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Evidence for an ice shelf covering the central Arctic Ocean during the penultimate glaciation

Overview of attention for article published in Nature Communications, January 2016
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About this Attention Score

  • In the top 5% of all research outputs scored by Altmetric
  • High Attention Score compared to outputs of the same age (94th percentile)
  • Good Attention Score compared to outputs of the same age and source (72nd percentile)

Mentioned by

news
3 news outlets
twitter
15 tweeters
facebook
1 Facebook page
reddit
1 Redditor

Citations

dimensions_citation
70 Dimensions

Readers on

mendeley
122 Mendeley
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Title
Evidence for an ice shelf covering the central Arctic Ocean during the penultimate glaciation
Published in
Nature Communications, January 2016
DOI 10.1038/ncomms10365
Pubmed ID
Authors

Martin Jakobsson, Johan Nilsson, Leif Anderson, Jan Backman, Göran Björk, Thomas M. Cronin, Nina Kirchner, Andrey Koshurnikov, Larry Mayer, Riko Noormets, Matthew O’Regan, Christian Stranne, Roman Ananiev, Natalia Barrientos Macho, Denis Cherniykh, Helen Coxall, Björn Eriksson, Tom Flodén, Laura Gemery, Örjan Gustafsson, Kevin Jerram, Carina Johansson, Alexey Khortov, Rezwan Mohammad, Igor Semiletov

Abstract

The hypothesis of a km-thick ice shelf covering the entire Arctic Ocean during peak glacial conditions was proposed nearly half a century ago. Floating ice shelves preserve few direct traces after their disappearance, making reconstructions difficult. Seafloor imprints of ice shelves should, however, exist where ice grounded along their flow paths. Here we present new evidence of ice-shelf groundings on bathymetric highs in the central Arctic Ocean, resurrecting the concept of an ice shelf extending over the entire central Arctic Ocean during at least one previous ice age. New and previously mapped glacial landforms together reveal flow of a spatially coherent, in some regions >1-km thick, central Arctic Ocean ice shelf dated to marine isotope stage 6 (∼140 ka). Bathymetric highs were likely critical in the ice-shelf development by acting as pinning points where stabilizing ice rises formed, thereby providing sufficient back stress to allow ice shelf thickening.

Twitter Demographics

The data shown below were collected from the profiles of 15 tweeters who shared this research output. Click here to find out more about how the information was compiled.

Mendeley readers

The data shown below were compiled from readership statistics for 122 Mendeley readers of this research output. Click here to see the associated Mendeley record.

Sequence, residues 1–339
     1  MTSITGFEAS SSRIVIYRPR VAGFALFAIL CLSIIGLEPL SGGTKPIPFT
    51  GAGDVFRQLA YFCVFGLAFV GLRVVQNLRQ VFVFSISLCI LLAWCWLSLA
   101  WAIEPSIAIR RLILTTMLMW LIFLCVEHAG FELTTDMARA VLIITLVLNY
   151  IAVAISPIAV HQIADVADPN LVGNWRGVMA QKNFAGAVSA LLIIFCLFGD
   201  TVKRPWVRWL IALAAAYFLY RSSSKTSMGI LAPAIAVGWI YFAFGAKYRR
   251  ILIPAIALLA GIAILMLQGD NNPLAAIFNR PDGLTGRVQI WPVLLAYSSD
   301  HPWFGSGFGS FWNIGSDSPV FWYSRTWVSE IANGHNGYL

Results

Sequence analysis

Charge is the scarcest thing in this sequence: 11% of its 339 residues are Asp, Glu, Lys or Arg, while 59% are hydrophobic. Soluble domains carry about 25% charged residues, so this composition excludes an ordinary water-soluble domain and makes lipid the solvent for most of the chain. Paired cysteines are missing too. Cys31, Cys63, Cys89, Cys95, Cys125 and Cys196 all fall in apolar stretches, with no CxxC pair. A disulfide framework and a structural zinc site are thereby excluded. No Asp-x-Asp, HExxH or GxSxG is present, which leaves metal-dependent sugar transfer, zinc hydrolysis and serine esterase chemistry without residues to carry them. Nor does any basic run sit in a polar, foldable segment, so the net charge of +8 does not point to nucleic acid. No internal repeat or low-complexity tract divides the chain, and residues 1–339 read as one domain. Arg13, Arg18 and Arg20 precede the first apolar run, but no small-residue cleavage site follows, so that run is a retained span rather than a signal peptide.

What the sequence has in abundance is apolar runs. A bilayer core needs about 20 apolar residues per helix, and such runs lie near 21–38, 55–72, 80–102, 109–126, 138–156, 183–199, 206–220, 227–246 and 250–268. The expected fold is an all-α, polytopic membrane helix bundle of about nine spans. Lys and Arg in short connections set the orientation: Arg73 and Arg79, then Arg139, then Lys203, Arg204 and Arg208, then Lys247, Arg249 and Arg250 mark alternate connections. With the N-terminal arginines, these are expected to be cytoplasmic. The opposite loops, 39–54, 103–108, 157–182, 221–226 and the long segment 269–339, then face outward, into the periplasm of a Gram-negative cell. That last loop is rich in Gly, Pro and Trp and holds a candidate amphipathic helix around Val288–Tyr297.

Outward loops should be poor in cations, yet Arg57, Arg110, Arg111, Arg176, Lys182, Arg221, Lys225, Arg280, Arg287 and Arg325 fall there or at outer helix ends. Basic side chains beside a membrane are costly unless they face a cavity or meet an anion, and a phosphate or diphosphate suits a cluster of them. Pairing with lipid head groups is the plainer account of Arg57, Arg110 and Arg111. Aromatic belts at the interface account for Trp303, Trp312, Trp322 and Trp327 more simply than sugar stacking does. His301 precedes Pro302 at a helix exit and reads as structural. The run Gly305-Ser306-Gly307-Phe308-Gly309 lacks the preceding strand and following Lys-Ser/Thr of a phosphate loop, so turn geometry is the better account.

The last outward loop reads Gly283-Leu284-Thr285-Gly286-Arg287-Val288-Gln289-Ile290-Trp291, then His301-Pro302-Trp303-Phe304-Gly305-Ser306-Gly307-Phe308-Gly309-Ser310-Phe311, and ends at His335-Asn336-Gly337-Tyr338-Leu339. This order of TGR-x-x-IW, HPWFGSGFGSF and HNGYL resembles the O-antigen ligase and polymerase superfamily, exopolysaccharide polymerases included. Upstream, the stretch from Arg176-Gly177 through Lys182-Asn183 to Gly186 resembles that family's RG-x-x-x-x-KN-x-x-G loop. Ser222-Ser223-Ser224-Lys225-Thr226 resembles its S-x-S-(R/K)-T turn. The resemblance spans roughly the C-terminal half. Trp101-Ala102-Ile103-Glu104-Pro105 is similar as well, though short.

Geographical breakdown

Country Count As %
Norway 1 <1%
Ireland 1 <1%
United Kingdom 1 <1%
Denmark 1 <1%
Russia 1 <1%
Spain 1 <1%
United States 1 <1%
Poland 1 <1%
Unknown 114 93%

Demographic breakdown

Readers by professional status Count As %
Student > Ph. D. Student 32 26%
Researcher 25 20%
Student > Master 17 14%
Student > Bachelor 10 8%
Professor > Associate Professor 8 7%
Other 13 11%
Unknown 17 14%
Readers by discipline Count As %
Earth and Planetary Sciences 82 67%
Environmental Science 5 4%
Agricultural and Biological Sciences 2 2%
Economics, Econometrics and Finance 1 <1%
Biochemistry, Genetics and Molecular Biology 1 <1%
Other 6 5%
Unknown 25 20%

Attention Score in Context

This research output has an Altmetric Attention Score of 33. This is our high-level measure of the quality and quantity of online attention that it has received. This Attention Score, as well as the ranking and number of research outputs shown below, was calculated when the research output was last mentioned on 30 July 2019.
All research outputs
#691,084
of 16,171,827 outputs
Outputs from Nature Communications
#10,548
of 31,338 outputs
Outputs of similar age
#17,856
of 344,057 outputs
Outputs of similar age from Nature Communications
#29
of 106 outputs
Altmetric has tracked 16,171,827 research outputs across all sources so far. Compared to these this one has done particularly well and is in the 95th percentile: it's in the top 5% of all research outputs ever tracked by Altmetric.
So far Altmetric has tracked 31,338 research outputs from this source. They typically receive a lot more attention than average, with a mean Attention Score of 49.8. This one has gotten more attention than average, scoring higher than 66% of its peers.
Older research outputs will score higher simply because they've had more time to accumulate mentions. To account for age we can compare this Altmetric Attention Score to the 344,057 tracked outputs that were published within six weeks on either side of this one in any source. This one has done particularly well, scoring higher than 94% of its contemporaries.
We're also able to compare this research output to 106 others from the same source and published within six weeks on either side of this one. This one has gotten more attention than average, scoring higher than 72% of its contemporaries.